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Polar Bear Mating: A Chance of a Lifetime

By Paul Nicklen with Cristina Mittermeier It had been a long time since I had any feeling in my feet or hands as I sat on the sea ice in Svalbard, Norway, at minus 22°F. I wanted to jump around, stomp my feet, and swing my arms to entice the feeling back into my frozen...

By Paul Nicklen with Cristina Mittermeier

A large male polar bear attempts to mate with a female in Svalbard, Norway. (Photo courtesy of Paul Nicklen)
A large male polar bear attempts to mate with a female in Svalbard, Norway. (Photo courtesy of Paul Nicklen)

It had been a long time since I had any feeling in my feet or hands as I sat on the sea ice in Svalbard, Norway, at minus 22°F. I wanted to jump around, stomp my feet, and swing my arms to entice the feeling back into my frozen limbs, but I did not dare move for fear of scaring away the pair of polar bears I had been watching for more than 24 hours.

For 15 years I had been hoping to witness this moment. As a wildlife biologist and photographer for National Geographic, I have spent countless hours observing polar bears hunting, catching seals, nursing cubs, and sparring with each other. I probably have seen over a thousand polar bears in the wild, and yet, I have never watched them mate. I sat quietly on the frozen Barents Sea, watching the drama of a mating pair. The huge male tried everything in his power to entice her to mate.

When we first came upon this pair, my assistant, Karl Erik, and I parked our snowmobiles facing away from the bears, which allowed us to have an easy escape route. As we waited in silence, hour after hour, for the couple to consummate their courtship, the idea of capturing this moment that I had dreamed about for so many years became a lump in my throat, and I had to control my hands shaking in anticipation.

The thin, weak, and unpredictable conditions of the sea ice surrounding Svalbard, Norway, in recent years had forced me to put this assignment on hold for several years. Traditionally, sea ice envelops Svalbard and the surrounding islands year-round, but like everywhere else in the Arctic, things are changing fast.

Svalbard is now facing historic sea ice declines. Even though it was March, when the sea ice should be at its largest seasonal extent, we were only able to find a tiny strip of ice on the east side of Svalbard.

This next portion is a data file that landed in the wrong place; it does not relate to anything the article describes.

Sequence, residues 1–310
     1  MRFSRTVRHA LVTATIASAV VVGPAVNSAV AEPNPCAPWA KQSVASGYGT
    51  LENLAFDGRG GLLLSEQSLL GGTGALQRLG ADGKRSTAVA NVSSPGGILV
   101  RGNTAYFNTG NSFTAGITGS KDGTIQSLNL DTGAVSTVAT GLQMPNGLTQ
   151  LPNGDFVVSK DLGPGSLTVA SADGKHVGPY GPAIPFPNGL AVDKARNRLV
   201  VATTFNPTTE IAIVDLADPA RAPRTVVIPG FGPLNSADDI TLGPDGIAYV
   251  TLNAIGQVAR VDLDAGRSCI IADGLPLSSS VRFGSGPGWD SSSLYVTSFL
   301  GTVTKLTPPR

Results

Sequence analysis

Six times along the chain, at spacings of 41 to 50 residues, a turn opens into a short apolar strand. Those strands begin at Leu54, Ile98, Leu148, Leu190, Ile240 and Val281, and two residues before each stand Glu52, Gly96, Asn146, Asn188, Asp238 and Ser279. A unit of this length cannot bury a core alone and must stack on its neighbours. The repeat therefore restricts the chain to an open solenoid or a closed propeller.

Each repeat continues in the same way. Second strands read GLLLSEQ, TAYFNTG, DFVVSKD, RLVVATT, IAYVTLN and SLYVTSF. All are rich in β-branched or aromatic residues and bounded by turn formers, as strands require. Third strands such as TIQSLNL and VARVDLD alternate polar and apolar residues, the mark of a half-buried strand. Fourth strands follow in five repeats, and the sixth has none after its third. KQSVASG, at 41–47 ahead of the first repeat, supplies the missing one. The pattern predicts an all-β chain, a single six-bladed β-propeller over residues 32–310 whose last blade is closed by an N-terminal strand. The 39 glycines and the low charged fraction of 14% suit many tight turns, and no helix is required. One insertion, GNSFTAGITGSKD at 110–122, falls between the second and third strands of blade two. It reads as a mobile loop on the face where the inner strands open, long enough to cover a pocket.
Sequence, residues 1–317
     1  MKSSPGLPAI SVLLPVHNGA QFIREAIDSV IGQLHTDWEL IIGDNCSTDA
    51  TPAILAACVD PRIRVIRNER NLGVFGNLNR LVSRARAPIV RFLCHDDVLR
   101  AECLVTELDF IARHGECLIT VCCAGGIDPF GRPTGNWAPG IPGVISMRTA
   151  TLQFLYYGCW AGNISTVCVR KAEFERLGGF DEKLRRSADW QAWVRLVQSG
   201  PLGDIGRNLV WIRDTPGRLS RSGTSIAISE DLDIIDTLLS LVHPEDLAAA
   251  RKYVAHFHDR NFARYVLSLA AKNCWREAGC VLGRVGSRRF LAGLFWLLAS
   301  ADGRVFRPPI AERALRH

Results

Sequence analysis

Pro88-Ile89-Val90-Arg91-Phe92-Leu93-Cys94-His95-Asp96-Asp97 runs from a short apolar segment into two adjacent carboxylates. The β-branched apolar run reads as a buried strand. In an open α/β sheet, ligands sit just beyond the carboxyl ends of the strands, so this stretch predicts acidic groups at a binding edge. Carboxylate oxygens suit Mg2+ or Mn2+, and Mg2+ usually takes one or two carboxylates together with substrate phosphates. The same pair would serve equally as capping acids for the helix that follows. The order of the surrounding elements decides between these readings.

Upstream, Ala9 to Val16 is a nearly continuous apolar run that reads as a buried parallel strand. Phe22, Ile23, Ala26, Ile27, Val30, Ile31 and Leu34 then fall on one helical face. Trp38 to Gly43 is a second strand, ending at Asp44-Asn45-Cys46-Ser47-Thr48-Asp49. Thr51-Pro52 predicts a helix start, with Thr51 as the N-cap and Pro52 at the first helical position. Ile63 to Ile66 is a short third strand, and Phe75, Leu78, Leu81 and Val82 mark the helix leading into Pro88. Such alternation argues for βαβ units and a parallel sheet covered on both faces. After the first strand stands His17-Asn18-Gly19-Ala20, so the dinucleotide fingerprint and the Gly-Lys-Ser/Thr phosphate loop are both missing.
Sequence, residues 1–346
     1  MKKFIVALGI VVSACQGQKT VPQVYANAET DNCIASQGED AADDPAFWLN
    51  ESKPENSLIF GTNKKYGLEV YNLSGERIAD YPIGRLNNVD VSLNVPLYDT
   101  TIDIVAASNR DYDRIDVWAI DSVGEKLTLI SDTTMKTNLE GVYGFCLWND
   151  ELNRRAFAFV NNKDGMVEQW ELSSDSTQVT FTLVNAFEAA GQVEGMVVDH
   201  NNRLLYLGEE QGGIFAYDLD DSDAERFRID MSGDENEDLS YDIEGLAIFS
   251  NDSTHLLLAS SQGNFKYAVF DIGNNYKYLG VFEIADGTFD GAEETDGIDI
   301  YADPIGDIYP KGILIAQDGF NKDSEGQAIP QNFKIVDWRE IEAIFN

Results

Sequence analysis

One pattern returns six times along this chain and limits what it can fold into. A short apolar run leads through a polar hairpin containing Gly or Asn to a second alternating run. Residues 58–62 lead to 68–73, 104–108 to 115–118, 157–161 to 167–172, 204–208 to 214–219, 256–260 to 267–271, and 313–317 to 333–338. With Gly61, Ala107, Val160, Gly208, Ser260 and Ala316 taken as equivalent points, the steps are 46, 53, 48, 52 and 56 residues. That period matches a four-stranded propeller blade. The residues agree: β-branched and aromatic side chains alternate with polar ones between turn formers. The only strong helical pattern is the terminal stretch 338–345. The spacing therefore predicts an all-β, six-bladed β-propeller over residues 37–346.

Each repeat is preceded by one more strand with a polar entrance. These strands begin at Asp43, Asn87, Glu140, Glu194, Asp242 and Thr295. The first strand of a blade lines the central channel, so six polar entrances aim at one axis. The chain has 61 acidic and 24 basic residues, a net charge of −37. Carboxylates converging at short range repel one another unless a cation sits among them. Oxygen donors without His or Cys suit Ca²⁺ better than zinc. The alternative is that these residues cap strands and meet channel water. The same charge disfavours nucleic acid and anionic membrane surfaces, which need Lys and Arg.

The bears were plentiful as there was nowhere else for them to hunt seals, but the lack of ice and lack of opportunities for the bears to hunt meant we had frequent visits to our camp by hungry bears on a near nightly basis. We saw many instances in which bear trails disappeared into the slushy soup of an ailing frozen sea to find solid ice again only several hundred yards away.

A close look at sea ice reveals its life-giving properties. After the long winter months, when the sun finally returns to the Arctic, phytoplankton starts to grow on the underside of the ice. The tiny plant communities that thrive there create an inverted garden that becomes the base for the entire food chain. Tiny crustaceans, such as amphipods and copepods, feed on the phytoplankton. Also feeding on this soup of tiny creatures is the Arctic cod, a key component of the Arctic ecosystem that has a direct effect in the energy transfer between the plankton and the larger vertebrate species like fish, seals, walrus, and marine birds. The mighty bowhead whales, as well as beluga whales and narwhals, also feed on the cod. And at the top of the food chain, the apex predator, the polar bear, feeds on seals and walrus. In the absence of sea ice, polar bears lose their hunting platform to chase seals and are then confined to land.

A couple of years ago, I escorted former U.S. President Jimmy Carter around Svalbard. As we looked into the frozen landscape he told me that if people are to care about complex and distant issues, like climate change and the loss of sea ice, then we will need to find a common and simple language to share and spread the facts with the rest of the world. To me that language is photography; it gives me the opportunity to create evocative images that speak for the polar wildlife and their dependence on healthy polar environments. The polar regions that have been my lifelong playground are disappearing right in front of my eyes, and I want my images to become banners of hope, ambassadors for a world very few of us will ever see.

As dire as things are, polar bears are still thriving in many areas, and I still love finding big males hunting, females playing with their cubs, or young males fighting. On that cold spring day when I found a mating pair I waited for as long as I could. Just when I thought I could not take the cold any longer, the female finally got up, calmly walked over to the sleepy male, and nudged him to mate. I wiped my frosty breath away from the viewfinder, ready to capture whatever happened next.

At that exact moment, another large male appeared out of the corner of my eye. He ran at the other male, roaring. The female ran away into the sea ice with the males in hot pursuit.

I was left sitting on the frozen ground, in complete disbelief. The moment was over. I had lost the chance of a lifetime, but will never forget being so present in the drama of nature. Perhaps one day I will have another chance at making this photograph. For now, I will be content with the memory of an incredible day spent in the company of bears.

Paul Nicklen is a wildlife photographer for National Geographic. He recently published the book Bear: Spirit of the Wild.

Sea Legacy is an initiative created by Paul Nicklen and Cristina Mittermeier to use their talents as biologists, photographers, and writers on behalf of marine conservation. Sea Legacy aspires to create new marine protected areas around the world to promote a healthy ocean and planet.

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